Jun 11, 2018 - Sea Cloud

We motored into the lee of the small island of Lokrum directly in sight of the southern wall of this magical city of Dubrovnik and dropped anchor at 7:28 AM. There was little breeze, the sky was filled with white cumulous clouds set against a cerulean blue and the temperature 80. Immediately facing us, across the entrance to the old harbor, were the massive high walls of the fortress of St. John and the Sea Gate of the old harbor. The towering walls of Dubrovnik, a mile and a quarter in length, were begun in the 10th century and reinforced over the years. They are 80 feet high in places and those facing the landside of the city are 20 feet thick. They were effective throughout the Middle Ages, but were no defense from the modern heavy artillery weapons of the Serbs and Montenegrins that devastated the city in 1991-92. The city has been entirely rebuilt.

Our local guide Maris was brilliant. She brimmed with information and excitement about her native city. We stopped before the church of St. Blaise, the patron saint of the city since the 10th century, and architecturally a monument to 17th & 18th Italian Baroque architecture under the direction of Marino Groppelli. Maris introduced the 15th century Rector’s Palace, the political and administrative center when Dubrovnik was known as the Republic of Ragusa. Walking along the great main street made entirely of polished marble, the Stradun, we reached the entrance to the Franciscan Monastery which houses the oldest or 2nd oldest continuously-in-use pharmacy in the world, first founded in 1317. Leaving the Franciscan cloister, we climbed to the top of the walls. There was much huffing and puffing, but the view as we looked down and across the beautiful red tiled roofs was worth every step. After completing our circuit of the walls, some chose to stay in town, but most returned for lunch on Sea Cloud.

It was a hot sunny day and Tom O’Brien managed to arrange a swim off the Sea Cloud. Most jumped in and the sea was amazingly pleasant, not too warm or too cold. Following our refreshing swim, Grace Fielder gave an informative talk on the debacle of the 4th Crusade.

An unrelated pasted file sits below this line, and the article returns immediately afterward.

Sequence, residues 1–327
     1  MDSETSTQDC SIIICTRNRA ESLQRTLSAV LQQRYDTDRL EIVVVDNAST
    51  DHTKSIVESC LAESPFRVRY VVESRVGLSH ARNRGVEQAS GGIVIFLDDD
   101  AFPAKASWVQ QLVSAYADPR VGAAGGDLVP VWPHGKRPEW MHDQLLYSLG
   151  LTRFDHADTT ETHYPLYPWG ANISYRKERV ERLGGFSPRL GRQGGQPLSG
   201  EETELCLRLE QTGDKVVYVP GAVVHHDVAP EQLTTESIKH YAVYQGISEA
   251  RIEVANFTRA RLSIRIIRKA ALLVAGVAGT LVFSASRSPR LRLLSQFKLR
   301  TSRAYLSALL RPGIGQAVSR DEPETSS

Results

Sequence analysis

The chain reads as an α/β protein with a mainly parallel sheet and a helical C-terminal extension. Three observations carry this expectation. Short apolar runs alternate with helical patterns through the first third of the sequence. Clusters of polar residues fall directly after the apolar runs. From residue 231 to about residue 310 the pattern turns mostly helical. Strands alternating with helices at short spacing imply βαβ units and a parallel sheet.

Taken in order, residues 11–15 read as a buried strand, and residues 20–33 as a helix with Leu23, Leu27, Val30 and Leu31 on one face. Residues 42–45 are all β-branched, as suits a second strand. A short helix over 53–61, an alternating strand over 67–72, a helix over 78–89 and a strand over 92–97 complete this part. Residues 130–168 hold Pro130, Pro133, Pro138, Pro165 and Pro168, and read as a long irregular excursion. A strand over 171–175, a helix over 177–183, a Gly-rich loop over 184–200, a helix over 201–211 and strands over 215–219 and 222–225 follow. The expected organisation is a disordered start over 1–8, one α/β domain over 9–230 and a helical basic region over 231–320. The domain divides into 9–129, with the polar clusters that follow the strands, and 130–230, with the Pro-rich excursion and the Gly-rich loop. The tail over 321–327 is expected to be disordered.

At 6PM we attended a private concert in the cloister of the Dominican Priory, first begun in 1315. The eight-member “Klapa” a-capella group performed for us in the garden of the Priory. They were wonderful. Their songs were mostly romantic love ballads. They received a spirited round of applause and sold a great many CD’s. The treasury of the Priory contains some remarkable items, among which were an 11th century bible and a fabulous painting by the great Venetian Titian.

Dubrovnik during the Renaissance was extremely wealthy, with a merchant fleet of some 500 ships and they could afford to hire the finest craftsman and artists. At the end of our concert some decided to stay in the old town for dinner. I always find Dubrovnik at night magical, the shop lights are made more beautiful as they reflect against the crème color of the stone and the marble streets.

We went to bed after a full and enchanting day with expectations of our visit Montenegro.

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About the Author

Tom Heffernan


Tom, a native of New York City, who has had a life-long passion for travel and exploration, is the Kenneth Curry Professor of Humanities at the University of Tennessee and the founding Director of the university’s Humanities Center. His areas of interest are anthropology of religions and historical linguistics.

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